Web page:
GRE Argument Essay 49

The following is a letter to the editor of a news magazine.

“Clearly, the successful use of robots on missions to explore outer space in the past 20 years demonstrates that robots could be increasingly used to perform factory work more effectively, efficiently, and profitably than human factory workers. The use of robots in factories would offer several advantages. First, robots never get sick, so absenteeism would be reduced. Second, robots do not make mistakes, so factories would increase their output. Finally, the use of robots would also improve the morale of factory workers, since factory work can be so boring that many workers would be glad to shift to more interesting kinds of tasks.”

In this argument, the author has concluded that using robots for factory work would improve factory efficiency. The author has concluded the editorial by citing the fact that robots have been used effectively in many space missions in the last 20 years. In addition, the author claims that the use of robots in factories would reduce absenteeism because robots never get sick, improve output because robots do not make errors, and improve factory-worker morale because these workers can shift to less boring jobs. However, the author’s argument is unconvincing in several critical respects.

This argument depends on the hasty assumption that the kind of work that robots perform in space is similar to the work done in factories. Actually, there is a huge difference between the two environments. It is not necessary that robots would be as effective in factory jobs as they are in space missions. The danger in outer space exploration is much more than the danger involved in factory work. Hence, it is much more feasible to use robots rather than humans for such dangerous work. The effectiveness of robots in space missions might be due to the weightless environment of space or may be the average space-mission robot performs less work than a typical factory robot would be required to perform. Therefore, it is wrong on the author’s part to compare the two types of work and assume that robots will be effective in factory work also.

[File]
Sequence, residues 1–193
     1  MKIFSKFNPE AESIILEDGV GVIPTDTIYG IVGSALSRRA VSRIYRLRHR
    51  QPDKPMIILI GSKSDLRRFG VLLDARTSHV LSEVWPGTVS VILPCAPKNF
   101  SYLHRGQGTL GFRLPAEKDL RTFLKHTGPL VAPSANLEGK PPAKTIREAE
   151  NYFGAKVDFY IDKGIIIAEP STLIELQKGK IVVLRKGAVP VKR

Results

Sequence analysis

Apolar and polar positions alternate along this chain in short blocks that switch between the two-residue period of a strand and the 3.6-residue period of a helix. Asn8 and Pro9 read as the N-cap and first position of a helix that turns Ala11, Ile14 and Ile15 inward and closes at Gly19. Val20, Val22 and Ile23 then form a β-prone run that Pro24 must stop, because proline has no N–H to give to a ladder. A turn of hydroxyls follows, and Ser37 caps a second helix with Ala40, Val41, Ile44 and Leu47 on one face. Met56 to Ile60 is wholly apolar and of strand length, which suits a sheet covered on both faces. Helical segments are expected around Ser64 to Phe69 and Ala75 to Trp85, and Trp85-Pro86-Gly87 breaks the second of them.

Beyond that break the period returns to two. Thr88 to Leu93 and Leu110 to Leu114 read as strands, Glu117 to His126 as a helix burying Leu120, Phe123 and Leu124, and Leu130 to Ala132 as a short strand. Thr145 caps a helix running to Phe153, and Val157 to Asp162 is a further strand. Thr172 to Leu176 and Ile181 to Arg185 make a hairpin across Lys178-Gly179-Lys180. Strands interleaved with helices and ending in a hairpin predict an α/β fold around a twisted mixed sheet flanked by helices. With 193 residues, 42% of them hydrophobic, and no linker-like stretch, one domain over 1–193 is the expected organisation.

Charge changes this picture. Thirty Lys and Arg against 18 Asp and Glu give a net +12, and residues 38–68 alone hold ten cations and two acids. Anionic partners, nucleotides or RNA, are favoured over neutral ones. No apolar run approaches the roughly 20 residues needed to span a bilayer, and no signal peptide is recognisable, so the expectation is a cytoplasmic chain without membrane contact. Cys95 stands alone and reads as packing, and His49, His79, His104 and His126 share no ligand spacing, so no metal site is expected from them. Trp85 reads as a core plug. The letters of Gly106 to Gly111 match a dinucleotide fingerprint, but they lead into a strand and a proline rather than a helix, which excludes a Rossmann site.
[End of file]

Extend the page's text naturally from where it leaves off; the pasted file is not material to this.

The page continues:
The next argument, which the author cites, is that robots do not fall sick but he has not considered the fact that robots get damaged, wear out, or break down. In that case, it is very difficult to repair or replace a robot. A robot may actually not be absent from the workplace, but it still may not be able to fulfill its assigned duties. Moreover, if a human being falls sick, it is easy to ask another person to work in his place but it is difficult to replace a damaged robot. The author’s claim that the use of robots would increase factory output because robots do not make errors is also questionable. The author has forgotten that the robots are programmed by their human masters. Moreover, robots can do only the work for which they are programmed, while their human counterparts are flexible in many respects. The author has not offered any evidence to prove that output of factories would increase if they replace their factory workers with robots.

Finally, the writer said that the morale of factory workers would improve if robots were used in factories as they can change their jobs to more interesting jobs. However, the author has not provided assurance that if factory workers were reassigned to other types of jobs their morale would improve. On the contrary, the working environment will be more tense as there will be less interpersonal interaction. It might hurt the morale and sentiments of workers. In addition, those who are left will be in a constant state of anxiety as they will be unsure of their jobs.